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Back Home!

I landed in Baltimore at 9:30am (Eastern Time) Monday after 2.5 hours of scattered sleep. Since then, I have been doing a lot of sleeping and catching up – and procrastinating on this last post (it’s now three days later – sorry!).

I’m still not exactly adjusted to the time difference either. Waking up, I feel like I should be getting four more hours of sleep; but it’s absolutely worth it being home.

I’ve got a ton to do – renting textbooks, organizing moving into my house for the coming year, planning a road trip, nailing down a job  – and it’s been hard to step back and take some time to reflect on my last 5 weeks in Alaska.

There’s no way I can adequately recap everything that happened but it is possible to recap all of the things I learned along the way. I’m going to try to order these from greatest to least influence on my perspective on life…

1. There is no real right way to go about living. There is a necessity to be a decent human being while you’re alive, but other than that, there is no set right way to live your life. As long as you are kind and hardworking there will always be opportunities. It doesn’t all have to be planned out right now. I do still think it’s a good idea to have a plan, but if it doesn’t work out exactly WHO CARES. I met plenty of incredible, inspiring people who have worked so many different jobs and lived in so many different places – there’s no way they would have had the opportunities they did without a little flexibility in their life plans.

2. Hard work feels good. Some of my most rewarding days were the ones where I felt just beat by the end. I could fall asleep no matter how light it was outside. It’s a struggle, normally, for me to get motivated to start a hard project but once I got going I felt like I had a pretty decent work ethic and it felt good to do some hard labor every once and awhile.

3. Being uncomfortable is awesome. While I was gone I slept on a couch, a different couch, a futon, a twin bunk bed, a tent on the beach, a twin bunk bed again, and then a couch again; and there were maybe two times where I thought “hmm, what I wouldn’t do for a real mattress”.

4. Connection to the earth is key – I haven’t spent so much time outside in awhile (maybe ever – since most days I was outside all day). Working out in the rain, getting a little cold every once and awhile, getting a little more sun than I probably should at point, etc. Now that I’m back home I’m realizing how much time outside I took for granted when I was in AK. Walking to breakfast in the morning when they dew was thick enough to get my toes wet, washing my hands after planting starts in the greenhouse, or after getting basil under my nails. I’ve never been so okay with getting sandy at the beach – which is saying a lot because usually that makes me tire of beaches after less than a day. Basing clothing & activities on the weather at the moment, getting tons of fresh air, bed times being enforced by the time it takes the sun to set enough so that I don’t have anymore light to read – those things really made me realize that the earth is in charge and we’re just kind of living here. Back home I don’t get as much of that.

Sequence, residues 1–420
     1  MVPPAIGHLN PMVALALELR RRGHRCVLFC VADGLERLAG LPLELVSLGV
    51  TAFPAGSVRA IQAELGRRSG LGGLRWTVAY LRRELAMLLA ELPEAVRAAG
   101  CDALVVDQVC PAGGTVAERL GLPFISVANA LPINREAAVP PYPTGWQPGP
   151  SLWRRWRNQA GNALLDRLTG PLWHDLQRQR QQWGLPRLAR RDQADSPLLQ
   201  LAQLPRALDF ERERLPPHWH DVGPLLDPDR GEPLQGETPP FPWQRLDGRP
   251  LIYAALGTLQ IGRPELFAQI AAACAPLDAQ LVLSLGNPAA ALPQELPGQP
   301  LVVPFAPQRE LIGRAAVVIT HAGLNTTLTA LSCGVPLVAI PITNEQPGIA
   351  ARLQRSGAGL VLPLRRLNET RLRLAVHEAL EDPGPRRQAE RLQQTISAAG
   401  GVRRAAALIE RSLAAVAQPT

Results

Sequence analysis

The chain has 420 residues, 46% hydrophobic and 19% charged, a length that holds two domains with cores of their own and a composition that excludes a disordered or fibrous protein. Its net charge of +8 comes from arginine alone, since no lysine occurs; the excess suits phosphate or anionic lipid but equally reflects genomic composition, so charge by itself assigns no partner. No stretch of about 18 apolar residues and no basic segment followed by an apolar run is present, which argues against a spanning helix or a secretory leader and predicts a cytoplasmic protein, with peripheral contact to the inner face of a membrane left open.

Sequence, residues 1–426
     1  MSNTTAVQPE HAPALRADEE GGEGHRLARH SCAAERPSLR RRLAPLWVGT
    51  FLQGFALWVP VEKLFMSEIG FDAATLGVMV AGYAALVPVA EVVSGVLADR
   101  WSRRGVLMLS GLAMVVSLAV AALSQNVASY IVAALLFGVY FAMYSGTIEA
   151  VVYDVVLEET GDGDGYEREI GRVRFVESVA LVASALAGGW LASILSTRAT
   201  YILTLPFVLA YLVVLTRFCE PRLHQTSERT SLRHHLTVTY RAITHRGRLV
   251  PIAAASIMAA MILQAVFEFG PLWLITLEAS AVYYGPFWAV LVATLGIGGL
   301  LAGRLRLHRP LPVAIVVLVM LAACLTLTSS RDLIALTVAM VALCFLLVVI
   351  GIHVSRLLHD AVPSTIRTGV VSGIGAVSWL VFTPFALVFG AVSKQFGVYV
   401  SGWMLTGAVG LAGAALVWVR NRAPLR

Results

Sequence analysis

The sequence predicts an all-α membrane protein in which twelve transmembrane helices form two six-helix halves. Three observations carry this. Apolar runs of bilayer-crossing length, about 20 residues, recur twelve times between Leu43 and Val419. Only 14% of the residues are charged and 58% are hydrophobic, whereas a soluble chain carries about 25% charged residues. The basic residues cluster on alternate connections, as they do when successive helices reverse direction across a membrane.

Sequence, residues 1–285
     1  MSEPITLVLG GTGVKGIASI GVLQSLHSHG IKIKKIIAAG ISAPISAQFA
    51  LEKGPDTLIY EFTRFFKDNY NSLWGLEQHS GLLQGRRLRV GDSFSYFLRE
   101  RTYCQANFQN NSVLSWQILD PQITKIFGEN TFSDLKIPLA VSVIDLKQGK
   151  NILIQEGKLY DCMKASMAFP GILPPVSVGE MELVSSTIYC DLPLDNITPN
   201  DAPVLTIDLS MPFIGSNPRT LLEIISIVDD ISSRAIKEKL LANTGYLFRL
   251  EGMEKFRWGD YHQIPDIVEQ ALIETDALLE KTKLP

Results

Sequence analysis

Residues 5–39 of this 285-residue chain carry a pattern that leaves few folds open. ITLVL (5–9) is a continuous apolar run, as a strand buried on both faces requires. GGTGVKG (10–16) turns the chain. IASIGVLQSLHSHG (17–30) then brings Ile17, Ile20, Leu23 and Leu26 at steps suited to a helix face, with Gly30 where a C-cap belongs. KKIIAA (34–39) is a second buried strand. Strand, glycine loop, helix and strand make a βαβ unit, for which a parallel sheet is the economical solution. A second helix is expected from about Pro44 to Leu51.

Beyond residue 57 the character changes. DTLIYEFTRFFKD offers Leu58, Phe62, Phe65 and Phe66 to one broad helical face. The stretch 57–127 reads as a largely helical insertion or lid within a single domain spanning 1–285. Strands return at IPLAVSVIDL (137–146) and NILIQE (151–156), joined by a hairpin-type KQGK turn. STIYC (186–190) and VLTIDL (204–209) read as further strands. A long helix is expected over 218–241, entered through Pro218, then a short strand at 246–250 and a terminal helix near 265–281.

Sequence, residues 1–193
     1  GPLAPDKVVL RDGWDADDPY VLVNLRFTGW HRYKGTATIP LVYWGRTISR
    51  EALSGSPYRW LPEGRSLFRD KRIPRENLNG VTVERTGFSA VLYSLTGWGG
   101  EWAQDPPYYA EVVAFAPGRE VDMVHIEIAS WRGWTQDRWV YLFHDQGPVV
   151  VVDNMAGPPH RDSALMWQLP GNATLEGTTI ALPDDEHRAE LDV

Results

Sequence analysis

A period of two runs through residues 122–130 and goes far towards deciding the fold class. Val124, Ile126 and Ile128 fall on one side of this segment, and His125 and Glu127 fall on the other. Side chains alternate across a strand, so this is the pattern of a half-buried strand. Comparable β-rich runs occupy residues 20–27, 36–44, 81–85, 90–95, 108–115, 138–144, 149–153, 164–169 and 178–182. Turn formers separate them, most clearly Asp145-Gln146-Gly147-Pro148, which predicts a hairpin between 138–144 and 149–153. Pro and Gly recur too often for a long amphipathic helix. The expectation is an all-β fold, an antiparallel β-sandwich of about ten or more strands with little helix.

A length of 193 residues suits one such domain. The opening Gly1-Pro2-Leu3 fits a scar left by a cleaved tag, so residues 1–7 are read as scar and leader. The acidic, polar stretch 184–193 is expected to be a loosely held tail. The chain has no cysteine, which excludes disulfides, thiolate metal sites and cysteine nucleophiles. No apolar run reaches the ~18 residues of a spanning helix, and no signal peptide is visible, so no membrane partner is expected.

5.  People can be great. As terrible as it sounds, while I was out in Homer I was expecting to meet at least one person who was just mean. In my experience, that seems to be the case most times – a good portion of a group of people can be really cool, but there’s always a handful that surprise you by just being terrible. But, that never happened. I dunno if it had to do with the fact that everyone I met was willingly either working with kids or working with plants (or maybe I just got really lucky) but everyone I spent the last month or so with was totally nice and incredible in their own ways. Getting to know them really made me appreciate good people and restored my faith in the possibility of good in other groups of new people.

Missing the view

Missing the view

I’m sure my perspective on all of these memories will continue to change as I move through the rest of my life but I will always have these posts to remind me of my experiences and what my experiences have taught me. Sometimes writing these posts seemed like a chore – especially when the internet was slow and I was exhausted BUT I’m really glad I did them anyway.

And I’m really really glad – and grateful – that I had as much support as I did these past 5 weeks. Thank you again!

-Hannah

Downtown Anchorage

Today, my last full day in Alaska, I spent my time in downtown Anchorage. After a little digging, I figured out where and when to meet the bus and took it (for only $2!) into downtown. I then walked a few blocks to make it out to the Anchorage market. The flyer said their were 300+ vendors and it definitely seemed that way.

market

The largest open-air market in Alaska!

I thought the market would be mostly produce with some vendors mixed in but it was completely the opposite – which was kind of nice!